The toxic build up of hate in Delhi resulted in a sudden explosion of violence in North-East Delhi beginning on February 23, 2020. There was largescale murder, looting and destruction of property that resulted in many people of the Islamic community having to leave their homes for safer zones. Despite the damage of the violence showing that the victims of the violence were predominantly from the Muslim community, the State chooses to build a narrative of the riots being caused by the Muslims. The State diligently refuses to acknowledge any role played by the hate speeches in fuelling the riots. Instead, the State chooses to accuse protestors and activists of instigating riots. The government now using its police powers has charged various leaders of the peaceful protests of having instigated violence and rioting, conveniently turning a blind eye to those who indulged in hate speeches. Student protestors were arrested and detained under Unlawful Activities (Prevention) Act (UAPA). Even a pregnant student was arrested and kept in detention.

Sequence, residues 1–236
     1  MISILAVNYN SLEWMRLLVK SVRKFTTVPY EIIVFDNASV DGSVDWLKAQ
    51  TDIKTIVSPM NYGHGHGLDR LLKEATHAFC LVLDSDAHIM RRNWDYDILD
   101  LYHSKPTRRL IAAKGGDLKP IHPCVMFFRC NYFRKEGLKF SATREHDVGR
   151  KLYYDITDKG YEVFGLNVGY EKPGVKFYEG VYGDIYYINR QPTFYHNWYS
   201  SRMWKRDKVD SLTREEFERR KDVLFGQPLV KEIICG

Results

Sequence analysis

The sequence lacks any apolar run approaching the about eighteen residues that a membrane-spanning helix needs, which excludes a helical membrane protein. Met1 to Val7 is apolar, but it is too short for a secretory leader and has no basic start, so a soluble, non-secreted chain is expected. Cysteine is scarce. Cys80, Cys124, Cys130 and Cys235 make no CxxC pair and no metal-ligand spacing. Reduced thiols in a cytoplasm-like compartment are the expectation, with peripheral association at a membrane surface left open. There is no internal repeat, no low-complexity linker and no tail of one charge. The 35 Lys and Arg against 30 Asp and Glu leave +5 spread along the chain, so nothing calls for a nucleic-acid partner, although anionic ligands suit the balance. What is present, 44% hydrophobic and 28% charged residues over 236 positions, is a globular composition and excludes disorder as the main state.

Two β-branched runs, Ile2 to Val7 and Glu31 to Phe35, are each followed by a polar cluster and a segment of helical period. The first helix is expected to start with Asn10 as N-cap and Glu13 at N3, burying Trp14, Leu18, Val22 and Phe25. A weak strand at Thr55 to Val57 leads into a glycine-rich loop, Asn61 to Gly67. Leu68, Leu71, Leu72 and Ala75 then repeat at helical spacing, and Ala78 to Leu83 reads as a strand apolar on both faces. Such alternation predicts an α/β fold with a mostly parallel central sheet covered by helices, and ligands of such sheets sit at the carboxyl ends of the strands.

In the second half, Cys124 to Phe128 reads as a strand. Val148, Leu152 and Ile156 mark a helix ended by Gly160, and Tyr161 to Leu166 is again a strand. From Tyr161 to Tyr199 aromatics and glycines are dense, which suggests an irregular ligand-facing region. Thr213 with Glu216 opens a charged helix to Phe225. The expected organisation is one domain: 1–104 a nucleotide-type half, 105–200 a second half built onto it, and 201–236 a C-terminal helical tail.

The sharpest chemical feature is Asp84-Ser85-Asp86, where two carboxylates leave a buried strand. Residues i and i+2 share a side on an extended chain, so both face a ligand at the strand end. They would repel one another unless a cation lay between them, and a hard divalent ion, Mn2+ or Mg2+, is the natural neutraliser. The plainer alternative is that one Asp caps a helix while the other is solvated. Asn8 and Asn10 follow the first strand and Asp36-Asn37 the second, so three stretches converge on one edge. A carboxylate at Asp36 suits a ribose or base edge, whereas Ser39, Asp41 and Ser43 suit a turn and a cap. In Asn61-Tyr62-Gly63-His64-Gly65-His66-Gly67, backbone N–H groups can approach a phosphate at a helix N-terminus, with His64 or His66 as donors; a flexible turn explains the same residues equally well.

The strategy appears to be very clear. Bully your opponents into submission. It really does not matter whether the charges will be proved. That is going to take an enormously long time, given the track record of the criminal justice system in the country. The time and money that will be needed for those charged to defend themselves would drain them off all their energies and from raising their voices against what they perceive as an unjust law. The mighty government machinery funded by the common man would be put to use against the very same common man for having raised his/her voice. Will anyone be held to account, if the charges are not proved? Will the government compensate the individuals who were incarcerated or had to stand a long and arduous trial to establish their innocence?